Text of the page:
The real question is what kind of city do you want to rebuild in the location? Seeing that the modern container port doesn’t need an army of stevedores that use to work in the holds loading and unloading loose cargo. A rebuilt city with a smaller population is what is needed now. That way you could leave the lowest elevation sections of the city, like the Lower 9th Ward, as parkland and concentrate the reconstruction for remaining population in the higher elevation areas.

    Then again that raises issues of property rights of the land owners in the lower elevation areas, but that’s another debate.

  3. Now that Louisiana has some honest government, there might be some hope for improvement. There are cities on the Mississippi farther north that were moved from the river bank to higher ground. Many NO residents moved to Texas after the storm and I believe not all have returned. It might be possible to build a new city on higher ground but I am not that familiar with the environs so would defer to geologists. I’ve been there but only for short visits.

    The Army COE has been a very bad influence as it has been in other places. Remember that Galveston was the big Texas port until the hurricanes destroyed it early in the 20th century. That led to the ship channel to Houston. NO has history but it is expensive history.

  4. The solution is amortization.

    Expect that nothing lasts forever. Just guess at how long one can reasonably expect to get useful return out of one’s investment.

    That said, NO only needs a WORKING population. As a place to warehouse welfare recipients, it is no worthwhile. But then who wants them except Democratic mayors?

  5. ” As a place to warehouse welfare recipients, it is no worthwhile. But then who wants them …”: couldn’t they be given the abandoned housing in Detroit?

  6. Dearieme-Prior to modern times the Mississippi had no mouth. Rather it ended in a huge delta. That’s one reason DeSota couldn’t find it. The present course of the Mississippi to the sea exists only as a result of human intervention and is highly unstable. The location of New Orleans is probably less dangerous than the location of Naples but it is nevertheless asking Nature to kick you in the teeth. Galveston is pretty bad too but it’s a lot easier to get out of Galveston.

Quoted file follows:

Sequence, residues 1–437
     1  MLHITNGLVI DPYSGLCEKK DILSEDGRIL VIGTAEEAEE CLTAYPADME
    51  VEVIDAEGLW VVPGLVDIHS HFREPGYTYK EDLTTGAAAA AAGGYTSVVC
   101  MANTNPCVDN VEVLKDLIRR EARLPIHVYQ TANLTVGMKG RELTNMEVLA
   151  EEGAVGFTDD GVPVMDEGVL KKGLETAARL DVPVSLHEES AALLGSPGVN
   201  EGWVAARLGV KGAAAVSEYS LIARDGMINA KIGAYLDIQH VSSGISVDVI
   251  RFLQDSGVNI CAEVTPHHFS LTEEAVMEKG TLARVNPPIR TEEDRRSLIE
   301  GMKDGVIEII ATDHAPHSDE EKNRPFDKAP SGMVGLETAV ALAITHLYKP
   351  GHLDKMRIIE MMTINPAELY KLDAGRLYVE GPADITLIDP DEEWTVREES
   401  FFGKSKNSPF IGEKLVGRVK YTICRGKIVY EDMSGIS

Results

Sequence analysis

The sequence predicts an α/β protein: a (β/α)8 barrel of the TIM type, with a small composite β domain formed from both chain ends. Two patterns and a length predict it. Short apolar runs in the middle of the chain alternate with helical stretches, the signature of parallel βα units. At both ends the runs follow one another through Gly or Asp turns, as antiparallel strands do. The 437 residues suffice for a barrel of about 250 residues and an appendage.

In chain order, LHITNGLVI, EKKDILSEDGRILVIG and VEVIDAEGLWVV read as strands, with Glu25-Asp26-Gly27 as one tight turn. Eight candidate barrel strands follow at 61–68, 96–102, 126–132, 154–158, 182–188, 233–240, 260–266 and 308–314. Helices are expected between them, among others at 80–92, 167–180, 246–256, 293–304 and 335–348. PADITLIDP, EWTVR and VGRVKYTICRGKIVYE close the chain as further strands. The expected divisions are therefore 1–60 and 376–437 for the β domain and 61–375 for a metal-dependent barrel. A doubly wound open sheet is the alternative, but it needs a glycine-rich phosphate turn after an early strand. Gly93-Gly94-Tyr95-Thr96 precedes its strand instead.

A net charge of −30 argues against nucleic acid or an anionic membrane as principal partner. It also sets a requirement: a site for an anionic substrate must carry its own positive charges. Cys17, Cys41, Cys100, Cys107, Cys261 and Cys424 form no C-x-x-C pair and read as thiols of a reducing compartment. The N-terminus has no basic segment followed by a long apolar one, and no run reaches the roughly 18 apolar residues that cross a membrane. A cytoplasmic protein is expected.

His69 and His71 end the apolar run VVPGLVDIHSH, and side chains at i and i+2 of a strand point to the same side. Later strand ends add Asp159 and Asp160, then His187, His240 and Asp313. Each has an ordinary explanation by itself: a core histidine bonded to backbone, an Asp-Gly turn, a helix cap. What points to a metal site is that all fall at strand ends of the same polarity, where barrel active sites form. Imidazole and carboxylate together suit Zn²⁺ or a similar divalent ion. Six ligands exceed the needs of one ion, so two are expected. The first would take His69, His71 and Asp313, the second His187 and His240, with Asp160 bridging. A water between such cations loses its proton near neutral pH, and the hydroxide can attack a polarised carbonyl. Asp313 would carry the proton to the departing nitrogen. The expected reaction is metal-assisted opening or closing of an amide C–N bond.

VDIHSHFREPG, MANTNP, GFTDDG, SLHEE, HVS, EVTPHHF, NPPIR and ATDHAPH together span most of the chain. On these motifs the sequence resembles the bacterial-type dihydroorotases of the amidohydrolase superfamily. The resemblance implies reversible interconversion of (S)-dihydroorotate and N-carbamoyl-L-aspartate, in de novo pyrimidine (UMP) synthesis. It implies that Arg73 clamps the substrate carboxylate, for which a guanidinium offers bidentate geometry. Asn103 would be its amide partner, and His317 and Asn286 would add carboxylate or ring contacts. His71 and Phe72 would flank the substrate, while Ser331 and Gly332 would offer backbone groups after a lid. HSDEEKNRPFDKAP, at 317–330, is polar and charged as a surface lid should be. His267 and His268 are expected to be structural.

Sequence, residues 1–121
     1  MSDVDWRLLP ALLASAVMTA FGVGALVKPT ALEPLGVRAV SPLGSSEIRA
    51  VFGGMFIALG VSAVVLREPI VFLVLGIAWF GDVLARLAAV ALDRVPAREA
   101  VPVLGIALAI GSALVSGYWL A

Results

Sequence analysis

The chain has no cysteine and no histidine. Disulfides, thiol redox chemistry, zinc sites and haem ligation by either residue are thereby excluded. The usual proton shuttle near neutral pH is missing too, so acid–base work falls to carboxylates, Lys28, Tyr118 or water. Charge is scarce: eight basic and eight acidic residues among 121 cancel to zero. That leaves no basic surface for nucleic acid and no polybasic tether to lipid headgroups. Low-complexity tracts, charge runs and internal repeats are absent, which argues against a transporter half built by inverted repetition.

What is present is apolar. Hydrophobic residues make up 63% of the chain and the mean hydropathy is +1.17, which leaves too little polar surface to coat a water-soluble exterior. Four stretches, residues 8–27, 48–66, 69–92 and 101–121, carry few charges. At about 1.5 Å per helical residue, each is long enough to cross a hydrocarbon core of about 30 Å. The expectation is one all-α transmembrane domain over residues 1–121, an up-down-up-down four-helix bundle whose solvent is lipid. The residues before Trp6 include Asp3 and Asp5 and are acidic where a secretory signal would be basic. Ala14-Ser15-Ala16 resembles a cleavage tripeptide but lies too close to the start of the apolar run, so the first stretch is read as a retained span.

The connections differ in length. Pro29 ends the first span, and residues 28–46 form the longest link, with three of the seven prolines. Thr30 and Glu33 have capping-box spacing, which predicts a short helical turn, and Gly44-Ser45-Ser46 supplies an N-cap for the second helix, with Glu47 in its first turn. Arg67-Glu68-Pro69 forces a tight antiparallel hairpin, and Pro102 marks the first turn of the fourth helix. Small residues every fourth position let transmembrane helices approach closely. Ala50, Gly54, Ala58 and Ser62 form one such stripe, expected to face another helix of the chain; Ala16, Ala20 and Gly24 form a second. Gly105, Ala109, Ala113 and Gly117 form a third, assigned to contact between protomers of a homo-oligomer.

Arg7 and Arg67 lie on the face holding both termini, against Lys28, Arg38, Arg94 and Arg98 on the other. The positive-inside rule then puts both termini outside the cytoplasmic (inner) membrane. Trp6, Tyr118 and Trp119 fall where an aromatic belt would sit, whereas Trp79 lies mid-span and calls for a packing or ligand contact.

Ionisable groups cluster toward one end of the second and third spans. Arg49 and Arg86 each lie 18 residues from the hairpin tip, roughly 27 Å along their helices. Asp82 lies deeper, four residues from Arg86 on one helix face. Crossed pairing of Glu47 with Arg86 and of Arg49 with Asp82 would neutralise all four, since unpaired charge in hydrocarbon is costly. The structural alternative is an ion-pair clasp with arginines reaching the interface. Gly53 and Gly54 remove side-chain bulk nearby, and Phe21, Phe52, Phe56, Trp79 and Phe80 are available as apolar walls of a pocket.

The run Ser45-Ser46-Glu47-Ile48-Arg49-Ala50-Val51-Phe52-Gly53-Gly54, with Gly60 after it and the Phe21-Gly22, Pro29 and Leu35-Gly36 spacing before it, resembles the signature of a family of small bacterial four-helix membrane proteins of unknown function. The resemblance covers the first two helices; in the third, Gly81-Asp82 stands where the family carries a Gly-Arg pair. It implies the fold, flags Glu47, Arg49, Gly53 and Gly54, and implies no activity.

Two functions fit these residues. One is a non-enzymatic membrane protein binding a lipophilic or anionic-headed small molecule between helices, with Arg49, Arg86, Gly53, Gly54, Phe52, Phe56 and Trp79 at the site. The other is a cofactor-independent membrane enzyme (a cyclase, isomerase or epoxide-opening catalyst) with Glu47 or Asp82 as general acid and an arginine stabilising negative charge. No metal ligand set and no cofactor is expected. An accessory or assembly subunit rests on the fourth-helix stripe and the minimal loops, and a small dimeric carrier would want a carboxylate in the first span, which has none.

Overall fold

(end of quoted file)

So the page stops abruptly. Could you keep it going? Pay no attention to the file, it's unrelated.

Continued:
7. The Corps has over time blocked all of the Mississippi outlet except 2 – the current main channel past NO and the Atchafalaya, which runs by Morgan City and currently takes around 1/3rd of the flow. If not for a large “control structure”, the Atchafalaya would already be the main outlet, as the NO outlet is much higher.

    If you are interested in the subject, “The Control of Nature” by John McPhee has a section on this (along with one on the LA wildfire/mudslide cycle and another on Iceland). Typical McPhee (meaning excellent), quite worthwhile if you are interested in the subject.

  8. Also – historically floods in New Orleans were from the river, not the Gulf. The destruction of much of the delta due to a combination of dredging connected to oil production and subsidence as a consequence of flood control projects dumping all the river silt into the Gulf instead of the Delta has removed most of the coastal buffer that used to absorb tropical storms.

    Major river deltas are not where you want to build cities – they are simply too unstable to expect a single location to last for centuries. The major city in LA should really be at Baton Rouge (more or less anyway).